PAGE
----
Measuring Low Concentrations of Liquid Water in Soil; Electrical-impedance measurements serve as sensitive indications of moisture content.

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#9 2021-01-22 13:25:23

tahanson43206
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Registered: 2018-04-27
Posts: 7,326

Re: Martian Oxygen

This topic by Terraformer seems due for a return to view ...

The text below is from an article in the local newspaper today.

It caught my eye because it describes a situation that is rare on Earth, but which will be normal on Mars.

Everyone living in a habitat, riding in a transport vehicle with habitat atmosphere, or wearing a Mars suit, will be dependent upon a constant, never-ending supply of Oxygen.  They'll also be dependent in exactly the same way on a never-ending supply of potable water and nourishing food.  In addition to all those items, they'll be dependent upon a constant, never-ending supply of energy.

It seems to me that taking up residence on Mars is not for the faint of heart.

(th)

Search for oxygen tank refills routine for Peruvians

By Mauricio Muñoz
The Associated Press
VILLA EL SALVADOR, Peru — In
the middle of what was once a sandy
desert, on the outskirts of Peru’s cap-
ital, a new routine has emerged for
many of the residents of the densely
populated city of Villa El Salvador.
With the lives of friends or relatives
at stake because of the new corona-
virus, people are spending their days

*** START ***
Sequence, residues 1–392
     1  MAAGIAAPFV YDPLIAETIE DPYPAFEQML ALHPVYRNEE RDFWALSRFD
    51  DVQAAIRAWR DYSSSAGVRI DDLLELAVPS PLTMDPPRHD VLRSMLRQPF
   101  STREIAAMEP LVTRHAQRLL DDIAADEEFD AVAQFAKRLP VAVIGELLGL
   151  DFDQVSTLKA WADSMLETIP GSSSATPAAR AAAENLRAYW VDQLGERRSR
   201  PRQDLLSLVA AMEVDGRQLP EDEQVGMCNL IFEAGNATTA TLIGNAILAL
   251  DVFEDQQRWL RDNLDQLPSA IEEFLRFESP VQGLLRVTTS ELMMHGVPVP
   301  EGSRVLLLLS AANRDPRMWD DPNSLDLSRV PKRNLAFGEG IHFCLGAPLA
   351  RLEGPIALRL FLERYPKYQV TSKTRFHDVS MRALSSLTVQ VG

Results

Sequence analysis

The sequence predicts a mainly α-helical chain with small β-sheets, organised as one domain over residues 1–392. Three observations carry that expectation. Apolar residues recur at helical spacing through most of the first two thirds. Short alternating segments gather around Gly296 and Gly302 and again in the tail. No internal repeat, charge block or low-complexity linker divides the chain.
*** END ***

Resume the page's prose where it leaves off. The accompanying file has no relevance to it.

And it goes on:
searching for a place to buy oxygen,
preferably without having to spend
their life savings.

(th)

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#10 2021-01-22 17:18:22

SpaceNut
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From: New Hampshire
Registered: 2004-07-22
Posts: 23,096

Re: Martian Oxygen

The reasons for Mars is that the solar winds can blow the atmospher at high altitudes away from the planet. The trailing wind behind the planets blocking of the suns energy then is pulled from it due to the gravity of the planet. The not having any radiational shielding belts to help with a static shield is the last for why Mars has so little air remaining.
Upper air heating is the enemy for planetary loss.

Mars losing its atmosphere at a faster rate

So mars needs several things to combat the rates or it going into space....

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#11 2021-01-23 08:45:09

tahanson43206
Moderator
Registered: 2018-04-27
Posts: 7,326

Re: Martian Oxygen

For SpaceNut re #10

Thanks for giving this topic a boost ... I'm hoping Calliban will be interested in the question I posed.  It would definitely be interesting to see how many tons of Oxygen and Nitrogen would be needed to join the existing CO2 on Mars to yield a human-breathable atmosphere.

It would be interesting to learn what pressure the resulting mixture of gases would deliver at the surface, and if the partial pressure of Oxygen would be sufficient for humans to enjoy being out doors.